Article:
The study further found that jobs with a salary under £30,000 are almost five times more likely to be replaced than jobs over £100,000.

Source : RT

China unveils Mars rover after India’s successful Mangalyaan


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Visitors to the 16th China International Industry Fair looks at a prototype of what a Chinese Mars rover would look like in Shanghai. 

Seeking to catch up with India’s Mangalyaan mission, China has unveiled its Mars rover being developed to scurry the Red Planet’s surface for signs of water and life and plans to test it in the rugged terrain of Tibet. China Aerospace Science and Technology Corporation (CASC) has displayed the machine and the technological hardware set-up at an air show.

Photos of the rover’s prototype, to be displayed at the annual air show at Zhuai being attended by defence attaches of all countries including India, were carried by the state-run Xinhua news agency. The robotic rover was to crawl over the rough Martian terrain with a powerful six-wheel drive.

At a glace it looks similar to Yutu or Jade Rabbit that China has sent to Moon to explore the lunar surface. But the Chinese scientists carried out some significant design changes to deal with different environment on Mars, the Hong Kong based South China Morning Post reported. To beef up communication at longer distance, the rover carries on its back a large dish antenna, which was smaller and mounted at the neck on Yutu.

The wheels were also more solidly constructed than those on Yutu in order to deal with a rockier landscape. The entire Mars exploration system will include an orbiter, lander and the rover, CASC said. Some intriguing issues regarding the rover, such as whether it would carry a nuclear power source and the types of scientific payload on board, have still not been answered, the Post said.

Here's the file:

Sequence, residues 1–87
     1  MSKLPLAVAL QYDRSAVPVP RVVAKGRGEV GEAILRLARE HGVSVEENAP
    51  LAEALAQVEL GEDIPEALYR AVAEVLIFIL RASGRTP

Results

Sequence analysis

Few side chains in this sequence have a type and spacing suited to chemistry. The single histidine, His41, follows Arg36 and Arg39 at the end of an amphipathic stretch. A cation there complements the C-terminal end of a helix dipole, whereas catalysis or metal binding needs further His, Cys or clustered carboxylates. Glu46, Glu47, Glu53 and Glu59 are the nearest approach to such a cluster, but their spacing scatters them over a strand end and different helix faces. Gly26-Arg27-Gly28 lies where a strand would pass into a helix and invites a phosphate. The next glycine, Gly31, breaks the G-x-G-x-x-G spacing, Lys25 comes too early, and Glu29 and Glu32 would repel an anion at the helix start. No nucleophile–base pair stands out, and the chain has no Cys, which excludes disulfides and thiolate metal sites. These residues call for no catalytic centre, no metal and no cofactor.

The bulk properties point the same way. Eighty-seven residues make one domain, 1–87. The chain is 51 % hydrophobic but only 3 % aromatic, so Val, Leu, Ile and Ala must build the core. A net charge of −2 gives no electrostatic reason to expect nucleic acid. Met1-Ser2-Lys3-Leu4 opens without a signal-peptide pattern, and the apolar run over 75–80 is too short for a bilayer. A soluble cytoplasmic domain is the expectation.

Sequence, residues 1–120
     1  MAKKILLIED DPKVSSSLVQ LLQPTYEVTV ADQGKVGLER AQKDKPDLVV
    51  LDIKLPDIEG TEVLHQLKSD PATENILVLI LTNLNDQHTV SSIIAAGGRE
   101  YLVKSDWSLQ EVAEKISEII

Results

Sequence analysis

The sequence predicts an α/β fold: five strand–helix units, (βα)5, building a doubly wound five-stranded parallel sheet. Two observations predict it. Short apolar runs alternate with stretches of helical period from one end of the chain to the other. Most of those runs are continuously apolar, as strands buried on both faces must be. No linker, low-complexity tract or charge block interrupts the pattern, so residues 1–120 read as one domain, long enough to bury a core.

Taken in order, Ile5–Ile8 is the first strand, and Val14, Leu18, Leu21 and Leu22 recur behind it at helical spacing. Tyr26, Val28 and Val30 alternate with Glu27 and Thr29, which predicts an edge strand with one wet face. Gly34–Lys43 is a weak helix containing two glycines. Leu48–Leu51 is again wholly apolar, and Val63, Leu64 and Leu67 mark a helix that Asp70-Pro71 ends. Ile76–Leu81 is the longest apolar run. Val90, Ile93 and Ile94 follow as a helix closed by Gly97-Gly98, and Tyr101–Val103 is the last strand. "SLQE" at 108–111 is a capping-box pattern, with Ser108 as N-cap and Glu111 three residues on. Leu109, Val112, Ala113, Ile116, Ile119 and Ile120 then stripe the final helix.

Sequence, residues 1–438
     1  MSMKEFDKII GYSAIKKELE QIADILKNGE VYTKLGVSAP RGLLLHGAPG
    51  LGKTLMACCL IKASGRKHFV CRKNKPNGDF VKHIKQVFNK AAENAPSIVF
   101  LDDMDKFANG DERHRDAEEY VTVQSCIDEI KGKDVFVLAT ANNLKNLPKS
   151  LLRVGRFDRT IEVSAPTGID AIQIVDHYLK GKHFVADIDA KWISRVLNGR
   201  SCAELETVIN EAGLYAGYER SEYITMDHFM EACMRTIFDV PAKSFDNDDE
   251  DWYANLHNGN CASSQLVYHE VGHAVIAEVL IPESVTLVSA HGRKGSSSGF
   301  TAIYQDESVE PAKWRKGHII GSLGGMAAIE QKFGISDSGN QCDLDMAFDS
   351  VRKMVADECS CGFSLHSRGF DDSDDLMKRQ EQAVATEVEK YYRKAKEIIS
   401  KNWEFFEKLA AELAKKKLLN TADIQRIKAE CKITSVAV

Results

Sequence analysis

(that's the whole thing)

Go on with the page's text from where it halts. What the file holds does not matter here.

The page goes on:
Yutu was crippled soon after landing on the moon, probably due to low temperatures and fine dust. The average temperature on Mars is lower than that of the Moon due to its distance from the sun, and the notorious dust storms would also be imposing enormous challenge to the rover. Ouyang Ziyuan, chief scientist of China’s lunar project, told state media earlier this year that China’s second mission to Mars would be launched as early as 2020, and that by 2030 an unmanned spacecraft would return from the planet with samples. While Mangalyaan caught China by surprise, it fascinated them as it was sent with a modest budget of less than $100 million. With successful space missions to Moon as well as efforts to build a space station of its own, China also made a failed bid in 2011 to send its probe to Mars.